Here is a list of publications from the Mayer Personality Laboratory most directly related to Personal Intelligence. Each article is followed by a brief description of its contents.
It seems counter-intuitive that psychologists might have neglected the possible existence of a personal intelligence–an intelligence about personality–for more than a century. For that reason, the article begins with a consideration of the intellectual obstacles to accepting that such an intelligence might exist. I then move on to describing four areas of problem-solving that are involved in personal intelligence (in the article, they are referred to as four “abilities” but I now believe “areas of problem solving” is a better description). A figure summarizes the areas:
The article concludes with a discussion of why personal intelligence might matter.
Mayer, J. D. (2009). Personal intelligence expressed: A theoretical analysis. Review of General Psychology, 13, 46-58.
This follow-up on the original theoretical article draws together more research that supported the possible existence of a personal intelligence. Integral to my purpose in writing this second article was to identify the kinds of problems people need to solve to understand personality, and also to look for descriptions of the kinds of people who could successfully solve those problems.
In this 2010 article Richard Wilson, Maia Hazelwood and I explored the possibility that we can recognize a person’s level of personal intelligence from her comments, life course, and interests. We carried out a multiple case study of eight US business leaders who also were public figures, looking for biographical data about them, interviews they had given, and other people’s reactions to them. From that information, we identified leaders who appeared high in personal intelligence and those who appeared lower. The article makes the point that we can’t know if someone lacks personal intelligence, we can only know that they appear that way at times in public. It may be more possible to identify who is high in personal intelligence. Acknowledging that the number of observations (the eight cases we studied) was very small and that perhaps the results we obtained were a matter of chance, there was considerable agreement among the observers as to business leaders’ overall personal intelligence. More crucially, the study provided some intriguing suggestions as to what people high and low in personal intelligence might be like and how they differed in their behaviors.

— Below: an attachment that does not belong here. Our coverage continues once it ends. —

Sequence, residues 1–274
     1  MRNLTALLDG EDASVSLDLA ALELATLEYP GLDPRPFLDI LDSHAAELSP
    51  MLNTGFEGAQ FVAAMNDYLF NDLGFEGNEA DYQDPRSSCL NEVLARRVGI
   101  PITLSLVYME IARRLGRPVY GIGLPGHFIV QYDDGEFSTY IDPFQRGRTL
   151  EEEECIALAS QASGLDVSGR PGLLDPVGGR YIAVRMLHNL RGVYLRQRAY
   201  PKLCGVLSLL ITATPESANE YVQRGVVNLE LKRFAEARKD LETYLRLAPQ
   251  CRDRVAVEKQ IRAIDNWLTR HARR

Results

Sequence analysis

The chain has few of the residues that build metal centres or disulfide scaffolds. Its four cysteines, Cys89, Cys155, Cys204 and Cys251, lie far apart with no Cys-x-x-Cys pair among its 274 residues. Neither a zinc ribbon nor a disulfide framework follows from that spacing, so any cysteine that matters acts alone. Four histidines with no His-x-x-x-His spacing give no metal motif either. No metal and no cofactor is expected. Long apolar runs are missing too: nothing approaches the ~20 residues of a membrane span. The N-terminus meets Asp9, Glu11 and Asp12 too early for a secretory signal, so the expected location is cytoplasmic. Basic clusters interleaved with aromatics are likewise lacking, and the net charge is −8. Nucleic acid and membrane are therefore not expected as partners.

Winner, “2012-2013 Award for Excellence in Research” Mensa Education and Research Foundation
In this article, Abigail Panter, David Caruso and I reported for the first time on our Test of Personal Intelligence (TOPI): a method for testing whether personal intelligence exists. The test consisted (in its final form) of 134 usable items and was administered to several hundred college students. The results supported the idea that there were reliable individual differences in understanding personality and that personal intelligence could be viewed as a unitary mental ability.